Editor's note: This article is a part of a series reviewing Utah and U.S. history for KSL.com's Historic section

Lt. Gov. Deidre Henderson cracked a smile as she peered down at a marble sitting on a table along with random artifacts neatly placed around it.

A self-described history lover and student of it, she recognized the small sphere because she had plucked it from the ground last year during an excavation of Terrace, a ghost town just north of the Great Salt Lake in western Box Elder County. Then she zeroed in on what Utah archeologists believe to be remnants of a century-old glass bottle of toothpaste.

"Toothpaste? How do you know that was toothpaste?" she asked Chris Merritt, the preservation officer for the Utah Division of State History, who was showing her around a room full of artifacts within the division's temporary headquarters.

Merritt explained there's a little bit of writing left on the jar fragment that reads "Imperial." After a quick online search, Merritt and other archeologists were able to find records of a brand of toothpaste with the same name. It was sold in a bottle like the one before them.

"It came powdered. And then you'd mix in water," he said, adding it had all sorts of chemicals for people of the late 1800s to clean their teeth.

Both of these objects are examples of the thousands of artifacts recently discovered from a 12-square-yard excavation site in Terrace. They were collected by archeologists between 2020 and 2021.

Even in that relatively small sample size of a large community for its time, archeologists found somewhere between 10,000 to 15,000 artifacts.

"I mean every time we scraped a trowel, we found something new," Merritt said. "The number of artifacts we found in (that area) was staggering. ... But that's a very small lens into the past."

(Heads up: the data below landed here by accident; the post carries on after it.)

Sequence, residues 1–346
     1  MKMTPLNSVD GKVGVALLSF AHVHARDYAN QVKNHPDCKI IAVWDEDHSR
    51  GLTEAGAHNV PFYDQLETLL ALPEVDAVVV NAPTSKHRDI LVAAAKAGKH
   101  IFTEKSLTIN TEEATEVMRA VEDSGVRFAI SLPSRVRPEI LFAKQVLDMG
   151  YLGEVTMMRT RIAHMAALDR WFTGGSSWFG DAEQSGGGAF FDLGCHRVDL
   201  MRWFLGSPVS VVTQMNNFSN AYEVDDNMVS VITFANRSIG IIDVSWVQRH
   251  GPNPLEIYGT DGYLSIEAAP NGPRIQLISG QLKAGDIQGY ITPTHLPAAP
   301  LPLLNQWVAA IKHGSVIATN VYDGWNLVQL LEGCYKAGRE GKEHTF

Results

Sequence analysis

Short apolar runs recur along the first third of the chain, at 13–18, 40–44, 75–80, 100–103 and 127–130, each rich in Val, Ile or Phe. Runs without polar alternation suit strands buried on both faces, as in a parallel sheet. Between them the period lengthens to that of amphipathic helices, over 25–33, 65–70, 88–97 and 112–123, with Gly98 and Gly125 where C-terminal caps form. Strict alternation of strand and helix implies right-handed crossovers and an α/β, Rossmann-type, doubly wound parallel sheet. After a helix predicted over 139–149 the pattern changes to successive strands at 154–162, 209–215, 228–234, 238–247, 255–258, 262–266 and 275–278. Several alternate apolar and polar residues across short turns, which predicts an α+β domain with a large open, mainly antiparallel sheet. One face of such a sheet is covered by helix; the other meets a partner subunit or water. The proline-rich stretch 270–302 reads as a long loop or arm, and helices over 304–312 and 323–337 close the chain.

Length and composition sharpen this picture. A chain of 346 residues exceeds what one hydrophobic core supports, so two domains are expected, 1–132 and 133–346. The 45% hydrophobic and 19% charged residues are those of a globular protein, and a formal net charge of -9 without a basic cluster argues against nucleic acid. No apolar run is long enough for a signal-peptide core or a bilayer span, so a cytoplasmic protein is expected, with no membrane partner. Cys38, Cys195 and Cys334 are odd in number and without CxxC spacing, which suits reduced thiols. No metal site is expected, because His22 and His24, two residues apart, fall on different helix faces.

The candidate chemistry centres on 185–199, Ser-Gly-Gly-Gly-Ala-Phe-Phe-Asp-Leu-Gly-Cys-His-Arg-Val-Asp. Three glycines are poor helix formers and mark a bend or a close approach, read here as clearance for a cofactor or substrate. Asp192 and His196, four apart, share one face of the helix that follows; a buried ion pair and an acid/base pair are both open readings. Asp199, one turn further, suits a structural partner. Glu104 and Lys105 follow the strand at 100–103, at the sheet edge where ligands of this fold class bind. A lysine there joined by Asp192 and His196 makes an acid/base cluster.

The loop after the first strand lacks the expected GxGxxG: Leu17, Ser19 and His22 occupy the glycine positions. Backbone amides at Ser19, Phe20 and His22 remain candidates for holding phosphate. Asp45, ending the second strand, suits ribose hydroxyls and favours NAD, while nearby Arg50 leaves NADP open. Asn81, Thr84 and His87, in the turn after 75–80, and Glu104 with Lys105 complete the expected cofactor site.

Chris Merritt, the preservation officer for the Utah Division of State History, left, provides information about artifacts collected from Terrace, Box Elder County, to Lt. Gov. Deidre Henderson Wednesday morning. Over 10,000 artifacts were uncovered in recent digs.
Chris Merritt, the preservation officer for the Utah Division of State History, left, provides information about artifacts collected from Terrace, Box Elder County, to Lt. Gov. Deidre Henderson Wednesday morning. Over 10,000 artifacts were uncovered in recent digs. | Carter Williams, KSL.com

Merritt offered an initial report of findings last fall, but with the help of a team of volunteers, archeologists are now cleaning off the dirt from the small artifacts collected during those digs and figuring out everything they can about the old town that was once home to about 1,000 people at the height of its existence. These small items matter because marbles, glass shards and other bits and pieces are what remains of Terrace today.

"Now we're moving into the laboratory phase, where all the artifacts that were recovered over the last two years are being cleaned, sorted, identified and cataloged so we can start reconstructing the full story of the occupants of this community," he said, as volunteers from Utah and the West used toothbrushes to clean small pieces of history in the room behind him Wednesday.

Learning more about Terrace

Terrace blossomed with the growth of the transcontinental railroad. It was one of the last construction sites west of Promontory Summit, formed just before the wedding of the rails on May 10, 1869. It not only topped out at about 1,000 people, but it also once had the third-highest number of Chinese settlers in the territory — behind just two other railroad communities in the area.

A photo of Terrace, Box Elder County taken sometime between 1870 and 1880.
A photo of Terrace, Box Elder County, taken sometime between 1870 and 1880. | Utah Division of State History

The town remained a vital stop on the line in the early years of its existence but became obsolete when the railroad companies built the Lucin Cutoff at the turn of the 20th century, meaning trains could run across the Great Salt Lake instead of rolling around it.

At about the same time, most of the remaining buildings on Main Street burned in a large fire. By the 1940s, all that remained were pieces of the railroad line, which were then collected to be sold for scrap.

There are some photos and records from Terrace's heyday, but an understanding of what life was like during that time is mostly fuzzy. Most of the records offer a perspective of life from white European settlers, not everyone who lived there.